The text below is not an original piece from me but I feel its important to let people know that it is Ally Week. Below is a list of “FAQ’s” about Ally Week. I think with all that is going on in our nation today in terms of the rights of LGBT people it is important that they know who their straight allies are.
About Ally Week
What is GLSEN’s Ally Week?
GLSEN and students across the country, often as members of Gay-Straight Alliances (GSAs) or similar student clubs, will organize Ally Week on October 21-25, 2013 in schools and communities nationwide.
Ally Week is a week for students to engage in a national conversation and action to become better allies to LGBT youth. This doesn’t only mean straight and cisgender allies, but everyone! Read further to find out more about how anyone can be a better ally against anti-LGBT (lesbian, gay, bisexual and transgender) language, bullying and harassment in America’s schools.
What is an Ally?
We refer to Allies as people who do not identify as LGBT students, but support this community by standing against the bullying and harassment LGBT youth face in school. Allies can be straight or cis gender identified youth and adults, or LGBT identified adults! Anyone who takes a student against anti-LGBT bullying and harassment can be an ally.
What if I’m an Educator Ally?
Educator allies are great! So great, in fact, we have a whole page, just for you! We have a educator guide to Ally Week to ensure that you’re all set when Ally Week arrives!
Who started Ally Week?
In 2005, members of GLSEN’s Jump-Start National Student Leadership Team came up with an idea to celebrate Allies committed to ensuring safe and effective schools for all and to encourage students to take action. The idea turned into the first Ally Week celebrated in schools nationwide in October 2005.
What is GLSEN?
GLSEN, the Gay, Lesbian and Straight Education Network, is the leading national education organization focused on ensuring safe schools for all students. Established nationally in 1990, GLSEN envisions a world in which every child learns to respect and accept all people, regardless of sexual orientation, gender identity or gender expression. For more information on GLSEN’s educational resources, public policy agenda, student organizing programs, research, public education or development initiatives, visit www.glsen.org.
Why do we need an Ally Week?
The unfortunate truth is that anti-LGBT bullying, violence and harassment are commonplace in America’s schools. Actual and perceived sexual orientation and gender expression are two of the top three reasons teens report that students are harassed at their schools, according to From Teasing to Torment: School Climate in America, a GLSEN-commissioned report by Harris Interactive. In other words, all students – LGBT and straight alike – perceive anti-LGBT bullying and harassment as a serious problem in their schools. The vast majority of these same students said their schools would be better of if this issue was better addressed. GLSEN’s 2011 National School Climate Survey found that eight out of ten LGBT students report experiencing verbal harassment at school because of their sexual orientation, six out of ten because of their gender expression, and nearly 30% report missing at least a day of school in the past month out of fear for their personal safety. GLSEN’s Ally Week brings us closer to making anti-LGBT bullying, harassment and name-calling unacceptable in America’s schools. We want to ensure that all allies understand the important role they play in making schools safer for all students, regardless of their sexual orientation or gender identity/expression.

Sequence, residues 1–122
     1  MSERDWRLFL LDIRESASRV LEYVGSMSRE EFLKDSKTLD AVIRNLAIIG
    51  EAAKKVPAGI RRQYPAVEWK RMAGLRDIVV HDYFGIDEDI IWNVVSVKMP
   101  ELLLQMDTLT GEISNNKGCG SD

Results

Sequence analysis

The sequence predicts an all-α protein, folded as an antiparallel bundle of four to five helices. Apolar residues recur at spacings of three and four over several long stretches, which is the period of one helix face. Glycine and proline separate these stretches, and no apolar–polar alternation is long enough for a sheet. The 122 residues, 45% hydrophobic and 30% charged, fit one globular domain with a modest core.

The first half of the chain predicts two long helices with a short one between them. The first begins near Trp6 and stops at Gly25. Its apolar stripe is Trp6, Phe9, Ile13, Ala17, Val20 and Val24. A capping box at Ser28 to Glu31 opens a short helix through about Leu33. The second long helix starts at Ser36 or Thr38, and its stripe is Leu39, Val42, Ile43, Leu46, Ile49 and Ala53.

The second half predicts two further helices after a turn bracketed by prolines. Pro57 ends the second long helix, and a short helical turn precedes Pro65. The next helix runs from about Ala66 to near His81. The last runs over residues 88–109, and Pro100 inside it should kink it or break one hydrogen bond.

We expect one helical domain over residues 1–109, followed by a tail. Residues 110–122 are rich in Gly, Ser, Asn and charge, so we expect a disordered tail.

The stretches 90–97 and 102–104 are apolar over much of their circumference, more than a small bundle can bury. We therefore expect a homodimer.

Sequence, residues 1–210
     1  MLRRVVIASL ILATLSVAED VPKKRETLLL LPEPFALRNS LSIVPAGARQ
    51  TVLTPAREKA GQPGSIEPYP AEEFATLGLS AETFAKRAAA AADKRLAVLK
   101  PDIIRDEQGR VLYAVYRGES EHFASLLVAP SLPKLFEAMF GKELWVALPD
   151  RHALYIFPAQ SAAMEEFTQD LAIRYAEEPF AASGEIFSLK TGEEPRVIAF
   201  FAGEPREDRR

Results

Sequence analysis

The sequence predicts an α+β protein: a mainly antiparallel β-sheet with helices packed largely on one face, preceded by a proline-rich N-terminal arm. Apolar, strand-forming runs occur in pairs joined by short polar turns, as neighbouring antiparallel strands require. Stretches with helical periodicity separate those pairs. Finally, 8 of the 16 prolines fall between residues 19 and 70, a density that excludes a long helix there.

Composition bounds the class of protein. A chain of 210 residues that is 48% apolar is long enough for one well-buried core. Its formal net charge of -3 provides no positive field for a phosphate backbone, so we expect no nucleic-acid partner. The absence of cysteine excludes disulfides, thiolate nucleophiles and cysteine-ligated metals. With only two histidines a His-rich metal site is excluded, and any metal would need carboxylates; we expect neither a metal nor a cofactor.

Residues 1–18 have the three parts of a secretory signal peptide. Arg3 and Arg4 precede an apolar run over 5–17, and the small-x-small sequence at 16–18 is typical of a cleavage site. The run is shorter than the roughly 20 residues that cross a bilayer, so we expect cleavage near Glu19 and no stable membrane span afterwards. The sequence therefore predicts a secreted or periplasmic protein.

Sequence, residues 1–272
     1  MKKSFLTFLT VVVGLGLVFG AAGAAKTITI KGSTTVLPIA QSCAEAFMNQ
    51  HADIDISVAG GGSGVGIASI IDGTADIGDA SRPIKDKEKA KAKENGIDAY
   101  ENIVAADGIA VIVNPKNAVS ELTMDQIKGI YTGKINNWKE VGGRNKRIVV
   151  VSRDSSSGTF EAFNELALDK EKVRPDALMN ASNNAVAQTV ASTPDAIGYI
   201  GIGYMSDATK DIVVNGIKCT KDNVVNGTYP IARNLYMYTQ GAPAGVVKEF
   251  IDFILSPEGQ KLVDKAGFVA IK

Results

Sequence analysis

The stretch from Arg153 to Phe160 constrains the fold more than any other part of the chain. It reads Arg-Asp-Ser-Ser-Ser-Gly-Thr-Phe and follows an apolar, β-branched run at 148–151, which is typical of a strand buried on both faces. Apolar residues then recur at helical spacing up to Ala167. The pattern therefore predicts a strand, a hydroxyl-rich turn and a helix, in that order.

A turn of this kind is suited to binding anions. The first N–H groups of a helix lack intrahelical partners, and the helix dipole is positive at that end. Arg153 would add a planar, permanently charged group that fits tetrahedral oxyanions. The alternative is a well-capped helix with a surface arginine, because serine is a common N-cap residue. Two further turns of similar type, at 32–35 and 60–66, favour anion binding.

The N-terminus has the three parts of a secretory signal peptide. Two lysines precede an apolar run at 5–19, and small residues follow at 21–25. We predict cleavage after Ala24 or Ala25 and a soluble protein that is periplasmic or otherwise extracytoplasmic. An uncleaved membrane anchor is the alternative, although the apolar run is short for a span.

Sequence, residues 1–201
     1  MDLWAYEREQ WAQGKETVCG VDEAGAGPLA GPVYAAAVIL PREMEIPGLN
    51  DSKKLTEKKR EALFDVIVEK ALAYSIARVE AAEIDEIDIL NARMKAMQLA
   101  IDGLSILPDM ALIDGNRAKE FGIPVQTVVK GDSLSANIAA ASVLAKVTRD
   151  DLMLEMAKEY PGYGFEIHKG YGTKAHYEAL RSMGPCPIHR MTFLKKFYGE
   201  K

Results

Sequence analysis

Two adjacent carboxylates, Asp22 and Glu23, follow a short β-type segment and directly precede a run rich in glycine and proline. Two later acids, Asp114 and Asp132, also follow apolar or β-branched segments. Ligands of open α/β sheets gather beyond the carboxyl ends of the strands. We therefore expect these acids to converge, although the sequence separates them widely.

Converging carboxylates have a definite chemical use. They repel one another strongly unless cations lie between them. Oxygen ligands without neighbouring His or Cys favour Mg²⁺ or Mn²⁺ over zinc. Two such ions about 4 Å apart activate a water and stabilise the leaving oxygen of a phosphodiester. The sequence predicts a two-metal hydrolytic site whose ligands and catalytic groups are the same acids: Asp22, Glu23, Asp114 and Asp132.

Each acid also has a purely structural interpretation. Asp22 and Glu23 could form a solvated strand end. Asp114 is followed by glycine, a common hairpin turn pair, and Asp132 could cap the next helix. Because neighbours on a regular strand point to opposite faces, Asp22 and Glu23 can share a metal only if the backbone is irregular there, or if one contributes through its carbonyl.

What do we do after Ally Week is over?
GLSEN’s Ally Week is one part of a larger effort to create safe schools for all students. There is much you can do throughout the year to help make your school safer. Start by visiting our Student Action page where you can get information on other organizing tools, GLSEN Programs, and ideas for ways you can make your schools safer!
And make sure to check out the other GLSEN Programs, including the Day of Silence (April 11, 2014), No Name-Calling Week (January 20-24, 2014), and Changing the Game, GLSEN’s sports project.
Like the Gay-Straight Alliances Facebook Page to connect with other student organizers, ask questions, discuss Ally Week ideas and get up-to-date news from Ally Week staff!
The GLSEN Store has all the cool Ally Week and other GLSEN gear like t-shirts, buttons, stickers, posters and wristbands.
GLSEN.org: is the supporting organization for Ally Week and other GLSEN Programs including the National Day of Silence.
The National Day of Silence (April 11, 2014) is a student-led action in which students take a vow of silence to call attention to the silencing effect of anti-LGBT bullying and harassment in schools. Hundreds of thousands of students across the country and around the world will take part to educate their schools and communities and to encourage others to address the problem of anti-LGBT behavior in schools.
GLSEN Research: The 2011 National School Climate Survey, a survey of 8,584 middle and high school students conducted during 2011 found that 8 out of 10 LGBT students (81.9%) experienced harassment at school in the previous year because of their sexual orientation and 63.9% because of their gender expression. Find more research statistics to support your organizing by going to glsen.org/research and following them on Twitter @GLSENresearch.